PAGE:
California Won't Lift Its Mask Requirement For Another Month
California won’t lift its mask requirement until June 15 to give the public and businesses time to prepare and ensure cases stay low, the state health director said Monday.
“This four-week period will give Californians time to prepare for this change, while we continue the relentless focus on delivering vaccines particularly to underserved communities and those that were hard hit throughout this pandemic,” Health and Human Services Secretary Dr. Mark Ghaly said.
Many other states lifted mask requirements last week after the U.S. Centers for Disease Control and Prevention said it’s safe for fully vaccinated people to skip face coverings and social distancing in most situations.
California Gov. Gavin Newsom already has said that if cases remain low, the state will drop nearly all COVID-19 restrictions on June 15.
RELATED: San Diegans Wrestle With Face-Mask Rules Amid Updated CDC Guidance
California's current rules say people who are fully vaccinated do not need to wear a mask outdoors unless they are attending crowded gatherings. But the state says those people must wear masks indoors unless they are meeting with other vaccinated people.
The CDC guidelines, issued Thursday, similarly say people should wear masks in crowded indoor locations such as airplanes, buses, hospitals and prisons.
Other California rules involving businesses and public places vary by county under California’s color-coded tier system, which is based on the prevalence of the virus. Businesses are expected to adhere to the state’s guidelines, Ghaly said.
He said the four-week delay in fully dropping the mask mandate will help businesses prepare for the transition to fewer restrictions. The CDC has said it will keep the mask requirement in place for students for the rest of the calendar year, and Ghaly said California will do the same.
John Kabateck, director of the California chapter of the National Federation of Independent Businesses, said the split between state and federal requirements will increase public confusion.
“It's very difficult for small business owners to have to play 'mask cop' on a daily basis,” he said. “We hope that they will not be vulnerable to penalties and scrutiny by state regulators or plaintiffs' attorneys because they’re trying to make sense of this labyrinth.”
Still, Kabateck he was generally supportive of the state's decision.
“We’re on our way to a full reopening in California," he said. "If wearing masks for a little bit longer is an ounce of prevention that’s going to let mom-and-pops reopen their doors and get people back to work, that’s a step in the right direction.”
San Diego retiree Raphael Sanchez, 64, called it “a scrambled egg message” and blamed his fellow Democrat Newsom for sending conflicting signals involving state rules and the governor's own behavior, such as attending a fancy dinner party with lobbyists while telling residents to avoid such gatherings.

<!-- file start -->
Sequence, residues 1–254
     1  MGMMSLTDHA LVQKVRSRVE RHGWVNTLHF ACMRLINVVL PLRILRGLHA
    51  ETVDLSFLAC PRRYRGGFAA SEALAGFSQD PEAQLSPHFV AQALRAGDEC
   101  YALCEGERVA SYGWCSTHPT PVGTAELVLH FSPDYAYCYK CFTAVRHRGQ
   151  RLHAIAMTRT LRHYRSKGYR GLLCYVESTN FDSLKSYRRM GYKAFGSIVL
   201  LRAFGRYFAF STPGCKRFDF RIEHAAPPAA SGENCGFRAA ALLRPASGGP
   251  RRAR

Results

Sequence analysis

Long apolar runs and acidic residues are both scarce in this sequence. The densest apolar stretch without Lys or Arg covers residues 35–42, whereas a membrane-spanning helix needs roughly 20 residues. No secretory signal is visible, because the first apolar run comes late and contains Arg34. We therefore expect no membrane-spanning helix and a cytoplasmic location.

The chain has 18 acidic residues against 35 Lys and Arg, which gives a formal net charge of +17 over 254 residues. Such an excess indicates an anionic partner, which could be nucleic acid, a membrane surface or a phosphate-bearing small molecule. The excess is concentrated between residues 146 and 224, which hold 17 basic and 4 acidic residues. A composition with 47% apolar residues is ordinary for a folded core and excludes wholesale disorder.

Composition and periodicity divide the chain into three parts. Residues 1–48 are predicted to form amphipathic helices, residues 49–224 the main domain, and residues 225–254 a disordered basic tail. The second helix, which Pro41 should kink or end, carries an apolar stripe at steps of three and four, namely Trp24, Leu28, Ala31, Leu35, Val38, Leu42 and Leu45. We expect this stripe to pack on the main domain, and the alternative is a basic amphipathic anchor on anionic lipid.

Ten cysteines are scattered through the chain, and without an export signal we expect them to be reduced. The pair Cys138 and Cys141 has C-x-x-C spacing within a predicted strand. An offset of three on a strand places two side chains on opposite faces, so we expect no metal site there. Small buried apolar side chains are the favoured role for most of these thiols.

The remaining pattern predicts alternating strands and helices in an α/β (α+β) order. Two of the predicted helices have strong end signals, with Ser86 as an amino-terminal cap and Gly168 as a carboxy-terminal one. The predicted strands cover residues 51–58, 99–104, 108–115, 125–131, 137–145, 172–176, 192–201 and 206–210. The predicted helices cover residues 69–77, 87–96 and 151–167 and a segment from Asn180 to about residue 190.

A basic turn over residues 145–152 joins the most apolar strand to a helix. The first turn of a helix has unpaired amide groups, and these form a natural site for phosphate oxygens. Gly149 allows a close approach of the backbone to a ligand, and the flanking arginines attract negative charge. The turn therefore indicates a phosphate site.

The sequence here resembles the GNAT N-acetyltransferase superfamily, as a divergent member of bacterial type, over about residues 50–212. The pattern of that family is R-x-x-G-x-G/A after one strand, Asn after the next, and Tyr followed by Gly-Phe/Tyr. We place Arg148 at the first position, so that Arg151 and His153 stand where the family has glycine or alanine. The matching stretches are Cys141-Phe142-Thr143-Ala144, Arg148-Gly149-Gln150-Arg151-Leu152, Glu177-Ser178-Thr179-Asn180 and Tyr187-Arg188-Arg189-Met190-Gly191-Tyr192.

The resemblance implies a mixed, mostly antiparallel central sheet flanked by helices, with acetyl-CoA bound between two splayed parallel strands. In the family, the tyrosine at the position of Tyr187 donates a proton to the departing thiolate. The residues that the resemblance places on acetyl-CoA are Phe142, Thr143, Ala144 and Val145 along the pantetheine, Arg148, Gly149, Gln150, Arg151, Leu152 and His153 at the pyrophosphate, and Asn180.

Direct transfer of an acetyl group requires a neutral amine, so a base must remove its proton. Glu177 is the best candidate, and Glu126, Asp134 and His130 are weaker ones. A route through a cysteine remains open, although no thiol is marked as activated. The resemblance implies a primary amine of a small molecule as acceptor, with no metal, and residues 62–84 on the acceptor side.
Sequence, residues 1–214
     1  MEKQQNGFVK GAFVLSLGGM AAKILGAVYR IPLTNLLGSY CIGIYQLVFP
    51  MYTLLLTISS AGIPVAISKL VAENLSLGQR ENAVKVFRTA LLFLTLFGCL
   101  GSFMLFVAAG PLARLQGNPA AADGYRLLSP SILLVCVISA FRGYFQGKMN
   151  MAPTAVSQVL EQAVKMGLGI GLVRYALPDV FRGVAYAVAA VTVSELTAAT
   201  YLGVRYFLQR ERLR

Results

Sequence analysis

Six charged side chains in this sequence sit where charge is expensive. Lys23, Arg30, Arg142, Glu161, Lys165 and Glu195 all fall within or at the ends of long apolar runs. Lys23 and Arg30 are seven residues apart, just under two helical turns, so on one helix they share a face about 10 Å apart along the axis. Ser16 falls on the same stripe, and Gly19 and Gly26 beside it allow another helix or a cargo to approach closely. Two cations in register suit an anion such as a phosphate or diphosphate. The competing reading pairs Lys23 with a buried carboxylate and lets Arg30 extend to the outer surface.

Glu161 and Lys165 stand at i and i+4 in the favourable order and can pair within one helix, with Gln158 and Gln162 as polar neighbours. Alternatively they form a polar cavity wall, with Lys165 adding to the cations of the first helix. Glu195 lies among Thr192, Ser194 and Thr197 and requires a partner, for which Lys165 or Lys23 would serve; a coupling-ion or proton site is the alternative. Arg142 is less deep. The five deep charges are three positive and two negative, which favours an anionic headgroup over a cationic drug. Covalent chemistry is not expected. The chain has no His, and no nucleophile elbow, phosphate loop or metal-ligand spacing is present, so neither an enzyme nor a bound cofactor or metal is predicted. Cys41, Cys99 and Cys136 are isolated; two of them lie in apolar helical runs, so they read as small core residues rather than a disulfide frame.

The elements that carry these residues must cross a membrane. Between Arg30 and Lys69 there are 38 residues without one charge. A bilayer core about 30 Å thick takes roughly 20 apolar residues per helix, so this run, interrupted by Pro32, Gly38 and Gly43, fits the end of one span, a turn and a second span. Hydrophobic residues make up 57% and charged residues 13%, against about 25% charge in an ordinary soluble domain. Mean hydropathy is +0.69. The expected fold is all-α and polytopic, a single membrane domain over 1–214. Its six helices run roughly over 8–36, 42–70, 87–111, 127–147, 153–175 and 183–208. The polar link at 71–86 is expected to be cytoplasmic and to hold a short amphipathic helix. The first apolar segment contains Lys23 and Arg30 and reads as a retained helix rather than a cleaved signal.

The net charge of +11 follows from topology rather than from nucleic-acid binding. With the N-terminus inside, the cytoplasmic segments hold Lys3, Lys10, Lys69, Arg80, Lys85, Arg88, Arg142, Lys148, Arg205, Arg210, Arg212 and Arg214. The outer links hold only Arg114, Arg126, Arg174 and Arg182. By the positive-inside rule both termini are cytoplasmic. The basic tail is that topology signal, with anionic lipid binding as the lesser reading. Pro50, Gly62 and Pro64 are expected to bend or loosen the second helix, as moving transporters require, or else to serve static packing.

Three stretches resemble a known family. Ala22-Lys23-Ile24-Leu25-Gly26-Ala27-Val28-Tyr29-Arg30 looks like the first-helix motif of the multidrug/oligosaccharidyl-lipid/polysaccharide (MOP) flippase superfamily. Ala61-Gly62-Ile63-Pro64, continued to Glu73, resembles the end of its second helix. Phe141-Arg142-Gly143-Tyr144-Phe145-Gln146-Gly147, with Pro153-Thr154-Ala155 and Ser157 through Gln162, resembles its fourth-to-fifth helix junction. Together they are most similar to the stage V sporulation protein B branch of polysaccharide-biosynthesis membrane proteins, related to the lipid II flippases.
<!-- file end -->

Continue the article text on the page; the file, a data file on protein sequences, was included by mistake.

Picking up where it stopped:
San Diego hair stylist Emily Follweiler, 27, was relieved masks will still be required indoors.
“I think people should still keep wearing it and not have to rely on an honor system,” she said. “I don’t know how else you would know if someone is fully vaccinated or not, and some anti-vaxers might just take it off anyway since you don’t know.”
Los Angeles County Supervisor Hilda Solis said the county will use the extra month to increase vaccination rates. So far 43% of residents 16 and over are fully vaccinated in the state's most populous county.
“That means more than half of our adult population remains vulnerable,” Solis said.
Wearing masks and social distancing remain “critically important strategies,” said Los Angeles County health director Barbara Ferrer, a strategy seconded by U.S. Sen. Dianne Feinstein.
“The message now must be to stay the course,” Feinstein said.
California's positivity rate has fallen below 1%, officials said Monday, and more than 34.5 million doses of vaccine have been administered as the state approaches the full reopening of its economy.
More than a dozen states quickly said they would follow the new federal guidelines, but others were like California in weighing their response. Some retailers were also split, with Walmart, Costco and Trader Joe’s saying they won’t require vaccinated shoppers to wear a mask unless state or local laws say otherwise.
Newsom, like the Biden administration, has been under pressure to ease mask restrictions as coronavirus cases ease nationwide.
The governor is facing a recall election this fall driven largely by frustration with his handling of the pandemic.
One of his Republican rivals, Republican businessman John Cox, said it was notable that Newsom had Ghaly deliver the news about the mask mandate, noting that the Democratic governor traveled the state last week to unveil his proposed budget driven by an unprecedented revenue surplus. Cox said California should immediately follow the CDC and relax its own mask mandate.
“He wants to take credit for spending billions of dollars, but then goes into hiding when he has something unpopular to announce,” Cox said. "There’s a reason he’s hiding: he’s wrong.”